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Local vaccination rate is high, but some students suspended from school

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Troy Shantz

Several dozen students in Sarnia-Lambton are suspended from school this week because their families haven’t yet provided up-to-date vaccination records to Lambton Public Health.

Without documentation or an exemption letter, students are suspended for 20 days.

A total of 2,800 notices went out late last year and more than 300 had not responded by the March 1 deadline.

Parents can apply for an exemption, most often for medical reasons, but the exemption rate is low, said Erin Courtney, Lambton’s supervisor of health.

“We hear lots of really interesting stories,” she said, noting religious or philosophical concerns are sometimes cited by concerned parents.

A campaign by anti-vaccination activists has resulted in a global surge of measles, according to the Centre for Disease Control.

Seventeen cases of measles were confirmed in the Vancouver area and one in Niagara as of last week. No recent cases have been reported in Sarnia-Lambton.

A group called Vaccine Choice Canada placed ads on 50 digital billboards in Toronto last month. The ads, which were taken down quickly, claimed vaccines are risky and students don’t need them to attend school.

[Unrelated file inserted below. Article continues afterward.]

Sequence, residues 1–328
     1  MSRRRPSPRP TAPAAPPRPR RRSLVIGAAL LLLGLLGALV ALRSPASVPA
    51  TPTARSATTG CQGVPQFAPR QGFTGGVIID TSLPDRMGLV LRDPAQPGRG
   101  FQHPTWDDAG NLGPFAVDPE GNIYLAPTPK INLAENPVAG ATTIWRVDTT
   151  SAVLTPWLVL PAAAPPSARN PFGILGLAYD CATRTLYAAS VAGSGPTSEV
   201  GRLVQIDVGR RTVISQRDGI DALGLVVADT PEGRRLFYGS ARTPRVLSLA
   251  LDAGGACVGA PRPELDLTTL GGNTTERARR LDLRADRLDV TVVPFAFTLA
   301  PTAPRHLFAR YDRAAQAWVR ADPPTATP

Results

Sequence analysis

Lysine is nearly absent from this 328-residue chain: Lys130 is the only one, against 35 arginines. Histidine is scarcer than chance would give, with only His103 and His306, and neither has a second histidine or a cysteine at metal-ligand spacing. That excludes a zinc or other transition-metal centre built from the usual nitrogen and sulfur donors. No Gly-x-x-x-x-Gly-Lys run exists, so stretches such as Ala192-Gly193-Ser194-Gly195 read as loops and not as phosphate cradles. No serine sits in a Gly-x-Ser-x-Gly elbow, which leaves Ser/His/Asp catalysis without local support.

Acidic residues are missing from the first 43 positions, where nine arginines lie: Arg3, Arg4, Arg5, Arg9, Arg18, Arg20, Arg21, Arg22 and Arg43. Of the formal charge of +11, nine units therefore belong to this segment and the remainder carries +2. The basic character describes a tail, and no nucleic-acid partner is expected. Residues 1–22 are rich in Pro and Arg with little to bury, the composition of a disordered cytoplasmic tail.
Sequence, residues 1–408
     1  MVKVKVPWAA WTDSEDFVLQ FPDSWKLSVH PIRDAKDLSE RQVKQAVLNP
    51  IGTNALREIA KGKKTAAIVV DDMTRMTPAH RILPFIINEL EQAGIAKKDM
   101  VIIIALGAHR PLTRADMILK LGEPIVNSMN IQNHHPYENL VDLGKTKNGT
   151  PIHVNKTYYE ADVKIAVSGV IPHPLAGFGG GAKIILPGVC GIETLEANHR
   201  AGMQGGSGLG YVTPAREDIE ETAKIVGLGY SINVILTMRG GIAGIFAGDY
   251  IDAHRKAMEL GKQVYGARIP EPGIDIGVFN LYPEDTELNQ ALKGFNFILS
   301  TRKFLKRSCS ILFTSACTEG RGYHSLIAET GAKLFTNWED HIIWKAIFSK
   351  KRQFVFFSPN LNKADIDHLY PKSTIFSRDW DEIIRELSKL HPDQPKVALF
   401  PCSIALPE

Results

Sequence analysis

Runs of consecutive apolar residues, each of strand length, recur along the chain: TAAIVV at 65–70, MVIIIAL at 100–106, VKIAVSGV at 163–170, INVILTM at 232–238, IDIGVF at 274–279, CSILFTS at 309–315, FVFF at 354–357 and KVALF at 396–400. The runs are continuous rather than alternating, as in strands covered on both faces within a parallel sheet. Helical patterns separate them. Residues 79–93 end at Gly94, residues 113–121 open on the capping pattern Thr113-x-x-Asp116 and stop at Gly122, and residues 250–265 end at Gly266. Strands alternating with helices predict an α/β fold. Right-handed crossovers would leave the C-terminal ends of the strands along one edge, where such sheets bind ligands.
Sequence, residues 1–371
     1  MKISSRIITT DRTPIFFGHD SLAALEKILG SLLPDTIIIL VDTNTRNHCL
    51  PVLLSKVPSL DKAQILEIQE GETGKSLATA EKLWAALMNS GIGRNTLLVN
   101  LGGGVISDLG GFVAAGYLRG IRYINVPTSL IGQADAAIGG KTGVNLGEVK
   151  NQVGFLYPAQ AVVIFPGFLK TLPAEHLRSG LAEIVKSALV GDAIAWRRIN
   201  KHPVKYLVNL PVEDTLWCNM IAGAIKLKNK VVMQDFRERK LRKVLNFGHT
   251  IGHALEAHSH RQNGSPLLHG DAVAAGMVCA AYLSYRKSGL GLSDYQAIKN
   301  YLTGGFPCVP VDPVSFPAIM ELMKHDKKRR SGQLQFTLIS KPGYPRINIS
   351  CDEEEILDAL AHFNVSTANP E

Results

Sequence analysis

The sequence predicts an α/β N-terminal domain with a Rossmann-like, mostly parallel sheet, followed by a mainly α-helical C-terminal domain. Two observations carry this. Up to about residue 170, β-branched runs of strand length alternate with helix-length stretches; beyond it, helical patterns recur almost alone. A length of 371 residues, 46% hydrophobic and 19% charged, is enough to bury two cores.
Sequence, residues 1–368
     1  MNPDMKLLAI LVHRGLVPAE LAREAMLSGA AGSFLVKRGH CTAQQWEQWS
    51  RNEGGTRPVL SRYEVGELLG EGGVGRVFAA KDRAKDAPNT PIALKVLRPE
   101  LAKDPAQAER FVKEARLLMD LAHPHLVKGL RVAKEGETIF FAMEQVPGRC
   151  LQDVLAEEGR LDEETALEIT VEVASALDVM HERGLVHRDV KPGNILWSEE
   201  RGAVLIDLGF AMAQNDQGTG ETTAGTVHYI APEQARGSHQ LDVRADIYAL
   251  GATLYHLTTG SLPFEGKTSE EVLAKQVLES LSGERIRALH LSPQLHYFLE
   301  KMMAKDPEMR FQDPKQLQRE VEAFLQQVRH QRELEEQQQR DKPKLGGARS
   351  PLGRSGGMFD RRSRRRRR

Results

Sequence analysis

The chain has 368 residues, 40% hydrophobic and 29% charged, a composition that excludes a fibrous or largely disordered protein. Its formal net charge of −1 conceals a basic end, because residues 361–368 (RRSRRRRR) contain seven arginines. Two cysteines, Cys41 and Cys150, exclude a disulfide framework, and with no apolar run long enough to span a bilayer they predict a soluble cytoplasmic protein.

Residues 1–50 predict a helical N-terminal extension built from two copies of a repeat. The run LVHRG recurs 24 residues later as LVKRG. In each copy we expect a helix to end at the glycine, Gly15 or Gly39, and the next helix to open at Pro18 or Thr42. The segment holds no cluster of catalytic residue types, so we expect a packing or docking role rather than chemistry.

Courtney called the spread of misinformation “concerning,” but noted vaccination coverage is still adequate in Ontario. Some 91% of seven-year-olds had updated measles shots in 2016, Public Health Ontario reported. At least 90% is required to achieve so-called “herd immunity.”

Courtney said she is sympathetic of parents trying to do what’s best thing for their children, but added it’s frustrating having to respond to long-debunked conspiracy theories about vaccine safety.

“Parents’ fears mainly are a result from the plethora of misinformation that they are exposed to online,” she said via email.

Some parents, for example, still believe the measles, mumps and rubella (MMR) vaccine is linked to autism, she said, even though it was disproven decades ago.

Some parents are also wary of the HPV vaccine. The non-mandatory shot protects against seven cancer strains as well as human papillomavirus. But, Courtney said, some fear it will empower their children to be sexually “promiscuous.”

The Immunization of School Pupils Act requires that immunization records of students be provided to Lambton Public Health. Students must be vaccinated for tetanus, diphtheria, pertussis, polio, measles, mumps, rubella, chicken pox and meningococcal disease.

Parents who seek an exemption must attend a 45-minute information session with public health staff, Courtney said. If they are still opposed they need a notary-signed affidavit for each child they wish to exempt.

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